Commissurotomy, Consciousness, and Unity of Mind
The author writes:
"Recent pyschological studies of commissurotomy patients have provoked considerable, sometimes wild, speculation by both philosophers and the experimenters themselves. Among neuropsychologists, the prevalent view is that the split-brain patient has two minds. These two minds are taken to exemplify a variety of dichotomies: for example, one is atomistic, analytical, digital, symbolic, discursive; the other, holistic, synthetic, analogic, perceptual, eidetic. Further, it is inferred, there is a similar split in the fundamental cogntive styles of the left and right halves of the intact brain, whether or not they are also counted as separate minds. . . . In this monograph, my primary concern is the number of minds split-brain patients have; the speculations on what types of minds these may be . . .are left for another time. I advocate a conservative assessment of split-brain research: the split-brain patient has one mind and is one person, although he has on occasion a disunified consciousness."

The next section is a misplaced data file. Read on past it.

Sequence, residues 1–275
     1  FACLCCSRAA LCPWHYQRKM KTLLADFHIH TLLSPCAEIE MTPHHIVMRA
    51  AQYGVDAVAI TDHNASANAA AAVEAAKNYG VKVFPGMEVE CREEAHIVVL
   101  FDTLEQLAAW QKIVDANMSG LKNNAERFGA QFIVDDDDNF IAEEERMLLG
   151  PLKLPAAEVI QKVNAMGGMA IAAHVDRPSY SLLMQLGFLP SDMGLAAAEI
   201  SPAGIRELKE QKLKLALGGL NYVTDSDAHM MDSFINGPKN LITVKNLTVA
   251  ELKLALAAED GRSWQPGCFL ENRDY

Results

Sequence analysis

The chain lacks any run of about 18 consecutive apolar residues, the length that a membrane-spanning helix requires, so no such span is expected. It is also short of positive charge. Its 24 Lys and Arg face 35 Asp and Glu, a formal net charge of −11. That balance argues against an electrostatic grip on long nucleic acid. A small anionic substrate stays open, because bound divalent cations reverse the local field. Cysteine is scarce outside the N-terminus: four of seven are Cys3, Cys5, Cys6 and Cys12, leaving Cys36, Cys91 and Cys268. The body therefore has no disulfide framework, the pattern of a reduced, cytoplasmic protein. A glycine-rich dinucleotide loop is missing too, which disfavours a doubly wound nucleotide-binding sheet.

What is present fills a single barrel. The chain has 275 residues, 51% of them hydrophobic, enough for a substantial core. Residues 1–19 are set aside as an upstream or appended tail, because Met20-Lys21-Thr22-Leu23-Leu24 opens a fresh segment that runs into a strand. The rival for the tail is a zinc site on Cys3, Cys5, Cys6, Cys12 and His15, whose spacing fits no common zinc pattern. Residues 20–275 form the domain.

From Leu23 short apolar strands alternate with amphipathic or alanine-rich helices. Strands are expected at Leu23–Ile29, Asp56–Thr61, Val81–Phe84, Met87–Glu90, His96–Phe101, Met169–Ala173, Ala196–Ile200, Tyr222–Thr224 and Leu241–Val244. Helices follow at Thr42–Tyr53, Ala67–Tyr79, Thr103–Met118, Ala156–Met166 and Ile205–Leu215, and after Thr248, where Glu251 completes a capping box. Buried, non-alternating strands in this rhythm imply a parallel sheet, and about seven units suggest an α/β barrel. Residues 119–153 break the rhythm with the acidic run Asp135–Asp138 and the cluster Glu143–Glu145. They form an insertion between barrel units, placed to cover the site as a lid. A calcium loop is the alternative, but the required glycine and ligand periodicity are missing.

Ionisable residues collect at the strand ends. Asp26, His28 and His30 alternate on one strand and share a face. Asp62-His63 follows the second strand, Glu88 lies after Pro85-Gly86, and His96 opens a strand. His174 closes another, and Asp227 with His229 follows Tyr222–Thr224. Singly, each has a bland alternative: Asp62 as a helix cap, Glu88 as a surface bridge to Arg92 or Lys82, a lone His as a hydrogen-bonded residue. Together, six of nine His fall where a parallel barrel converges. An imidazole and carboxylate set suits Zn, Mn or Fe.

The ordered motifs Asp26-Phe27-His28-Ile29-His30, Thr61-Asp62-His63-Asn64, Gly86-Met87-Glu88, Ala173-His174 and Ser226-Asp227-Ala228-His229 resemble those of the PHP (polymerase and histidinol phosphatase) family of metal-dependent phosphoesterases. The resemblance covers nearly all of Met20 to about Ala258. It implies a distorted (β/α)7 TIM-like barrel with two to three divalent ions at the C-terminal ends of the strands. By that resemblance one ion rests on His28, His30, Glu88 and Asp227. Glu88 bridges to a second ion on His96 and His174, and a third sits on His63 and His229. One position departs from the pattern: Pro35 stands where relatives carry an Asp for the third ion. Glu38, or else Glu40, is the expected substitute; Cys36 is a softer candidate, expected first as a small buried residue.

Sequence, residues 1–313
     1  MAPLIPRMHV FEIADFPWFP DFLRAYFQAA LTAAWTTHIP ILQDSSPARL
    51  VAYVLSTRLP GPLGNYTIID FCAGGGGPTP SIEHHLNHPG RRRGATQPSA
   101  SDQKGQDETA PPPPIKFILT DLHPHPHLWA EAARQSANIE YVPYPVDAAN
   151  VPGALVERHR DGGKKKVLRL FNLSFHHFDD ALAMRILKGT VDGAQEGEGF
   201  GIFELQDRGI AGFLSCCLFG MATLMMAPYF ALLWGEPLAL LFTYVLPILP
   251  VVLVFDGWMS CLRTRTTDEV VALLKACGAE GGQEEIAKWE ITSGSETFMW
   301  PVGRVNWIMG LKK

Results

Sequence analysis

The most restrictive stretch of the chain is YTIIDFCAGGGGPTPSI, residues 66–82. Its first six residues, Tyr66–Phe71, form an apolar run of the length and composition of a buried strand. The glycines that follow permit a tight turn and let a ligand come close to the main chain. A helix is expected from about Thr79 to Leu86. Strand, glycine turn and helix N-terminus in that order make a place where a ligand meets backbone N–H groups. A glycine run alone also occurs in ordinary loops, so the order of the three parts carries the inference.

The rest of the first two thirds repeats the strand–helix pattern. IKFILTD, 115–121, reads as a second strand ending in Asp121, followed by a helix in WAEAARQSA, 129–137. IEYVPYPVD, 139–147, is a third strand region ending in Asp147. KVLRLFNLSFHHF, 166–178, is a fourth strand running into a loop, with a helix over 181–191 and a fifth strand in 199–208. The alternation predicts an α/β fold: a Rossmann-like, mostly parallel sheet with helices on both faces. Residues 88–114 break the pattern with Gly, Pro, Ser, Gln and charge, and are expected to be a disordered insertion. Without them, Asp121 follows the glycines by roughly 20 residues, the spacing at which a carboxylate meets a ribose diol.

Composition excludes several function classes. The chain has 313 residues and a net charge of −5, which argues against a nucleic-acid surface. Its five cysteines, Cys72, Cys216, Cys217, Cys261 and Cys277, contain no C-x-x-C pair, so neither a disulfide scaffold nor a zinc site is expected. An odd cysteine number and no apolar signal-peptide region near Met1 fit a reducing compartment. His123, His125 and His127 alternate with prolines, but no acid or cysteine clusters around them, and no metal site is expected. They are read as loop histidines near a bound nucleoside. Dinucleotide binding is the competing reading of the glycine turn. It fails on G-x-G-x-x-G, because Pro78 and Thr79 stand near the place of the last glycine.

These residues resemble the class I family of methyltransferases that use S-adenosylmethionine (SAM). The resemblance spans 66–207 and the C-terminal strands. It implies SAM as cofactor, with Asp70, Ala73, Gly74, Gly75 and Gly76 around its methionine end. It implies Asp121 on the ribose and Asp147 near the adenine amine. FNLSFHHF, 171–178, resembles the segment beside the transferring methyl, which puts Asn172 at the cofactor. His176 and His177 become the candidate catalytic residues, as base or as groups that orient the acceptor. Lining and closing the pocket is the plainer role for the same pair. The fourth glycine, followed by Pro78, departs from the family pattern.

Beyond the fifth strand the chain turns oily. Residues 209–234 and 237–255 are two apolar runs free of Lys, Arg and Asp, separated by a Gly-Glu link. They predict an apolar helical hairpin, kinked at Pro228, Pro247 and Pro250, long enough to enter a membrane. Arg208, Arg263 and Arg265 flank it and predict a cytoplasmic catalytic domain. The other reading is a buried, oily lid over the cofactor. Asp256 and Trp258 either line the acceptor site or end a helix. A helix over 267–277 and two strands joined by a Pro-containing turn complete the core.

—Barbara Von Eckhardt Klein, Yale University
"This is a superb monograph. It raises the debate on the philosophical issues connected with split-brain research to a much higher level than before.
"That the split brain case is philosophically perplexing is undeniable; a description of the experiments of Sperry and others strikes not only philosophers but philosophy students and laymen as raising significant issues about what it is to have a single mind. The split brain cases have come to play a role in philosophy classes like that of other cases which are about equally puzzling but wholly fictional. Marks' piece is a major advance...It would be a terrific choice for a course on the philosophy of psychology or for a seminar in philosophy or psychology."
—John R. Perry, Stanford University